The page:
While other countries are abandoning nuclear power post Fukushima and investing heavily in renewable energy, the Ontario government is spending billions to keep nuclear on life support.
This November the Canadian Nuclear Safety Commission (CNSC) will hold public hearings to consider Ontario Power Generation (OPG)’s request to spend $8 – 14 billion to rebuild the Darlington nuclear station in order to stretch out its operational life to 2055.
Where: Metro Hall, King and John St., Room #303, Toronto
When: Wednesday, October 10th, 7 – 9 pm
Who: The Panel will include
Angela Bischoff, Outreach Director with the Ontario Clean Air Alliance (OCAA), will moderate and share OCAA’s work to promote alternatives to the Darlington nuclear station.
SARNIA, ON - Two environmental groups have withdrawn their application for a Federal Court review of permits allowing Bruce Power to ship radioactive waste on the Great Lakes.
The Sierra Club Canada and the Canadian Environmental Law Association pulled the application due to federal changes to the environmental approvals process in the budget and because the permits issued by the Canadian Nuclear Safety Commission had expired, said the Sierra Club's executive director John Bennett.
"There would be no proper remedy," said Bennett.
"So the courts wouldn't look positive on us pursuing this any further."
Bruce Power wanted to ship the first 16 of 32 old massive generators removed during refurbishing of the nuclear power plant near Kincardine to a recycling company in Sweden via the Great Lakes. The generators contain only "low level" radiation, Bruce Power said.
Nuclear planners are not considering the possibility of a Fukushima-scale accident at Ontario’s Darlington nuclear station, critics told a regulatory hearing Monday.
The comments came as the Canadian Nuclear Safety Commission opened hearings about the mid-life overhaul of the Darlington station, which provides 20 per cent of the province’s power.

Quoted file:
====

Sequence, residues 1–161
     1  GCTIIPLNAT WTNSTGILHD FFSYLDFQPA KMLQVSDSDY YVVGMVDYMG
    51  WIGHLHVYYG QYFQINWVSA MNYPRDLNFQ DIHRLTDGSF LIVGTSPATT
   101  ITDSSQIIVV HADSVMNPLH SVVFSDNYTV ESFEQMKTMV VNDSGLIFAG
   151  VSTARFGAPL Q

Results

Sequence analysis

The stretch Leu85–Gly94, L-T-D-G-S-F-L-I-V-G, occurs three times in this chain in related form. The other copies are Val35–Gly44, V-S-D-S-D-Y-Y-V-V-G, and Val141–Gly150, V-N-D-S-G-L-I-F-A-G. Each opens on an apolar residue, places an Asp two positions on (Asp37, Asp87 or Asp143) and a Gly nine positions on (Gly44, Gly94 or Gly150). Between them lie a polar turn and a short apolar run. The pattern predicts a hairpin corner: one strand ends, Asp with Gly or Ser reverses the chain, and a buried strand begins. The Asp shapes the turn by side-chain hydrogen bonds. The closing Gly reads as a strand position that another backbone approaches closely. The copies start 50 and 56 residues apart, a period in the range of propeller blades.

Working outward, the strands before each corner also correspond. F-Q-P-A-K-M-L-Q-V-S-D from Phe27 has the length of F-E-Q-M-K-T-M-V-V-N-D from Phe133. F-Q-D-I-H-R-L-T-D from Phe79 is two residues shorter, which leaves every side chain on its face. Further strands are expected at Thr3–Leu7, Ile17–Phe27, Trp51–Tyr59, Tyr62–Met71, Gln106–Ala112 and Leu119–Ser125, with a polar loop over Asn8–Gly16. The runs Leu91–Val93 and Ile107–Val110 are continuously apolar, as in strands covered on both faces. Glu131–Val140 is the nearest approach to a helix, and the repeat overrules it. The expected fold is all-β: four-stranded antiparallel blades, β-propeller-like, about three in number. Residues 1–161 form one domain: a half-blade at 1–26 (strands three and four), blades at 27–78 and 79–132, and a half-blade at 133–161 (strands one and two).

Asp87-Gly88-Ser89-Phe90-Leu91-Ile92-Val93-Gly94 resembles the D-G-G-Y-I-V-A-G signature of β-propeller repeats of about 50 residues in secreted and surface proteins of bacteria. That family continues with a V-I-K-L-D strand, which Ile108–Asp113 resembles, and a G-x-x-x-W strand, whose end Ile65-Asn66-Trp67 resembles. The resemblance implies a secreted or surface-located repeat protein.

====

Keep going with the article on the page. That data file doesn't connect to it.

“We would like to see them plan for an accident as severe as happened at Fukushima or Chernobyl,” said Theresa McCleneghan of the Canadian Environmental Law Association. “We’re not satisfied there’s been any serious attention paid to the capability to respond to such an accident.”
McCleneghan noted that if Ontario Power Generation gets approval for the overhaul, the plant will continue operating until 2055. OPG shouldn’t be allowed to proceed until more extensive emergency measures are in place, she said.
(Courtice, Ontario and Cheektowaga, New York) - A proposal to refurbish Ontario’s Darlington Nuclear Generating Station (DNGS) may be in violation of Canada’s transboundary treaty obligations. The Sierra Club has told the Environmental Assessment Panel considering Ontario Power Generation’s proposed New Build and Refurbishment and Continued Operation of the Darlington Nuclear Generating Station (DNGS) that the proposals may violate the 1991 Canada–U.S. Air Quality Agreement.
Sierra Club Canada and the Ontario Chapter submitted a detailed report on the Pickering Nuclear Station request for permit extension. Our research has turned up a good argument for immediate closure of the plant - certainly not operating it beyond its own planned obsolescence.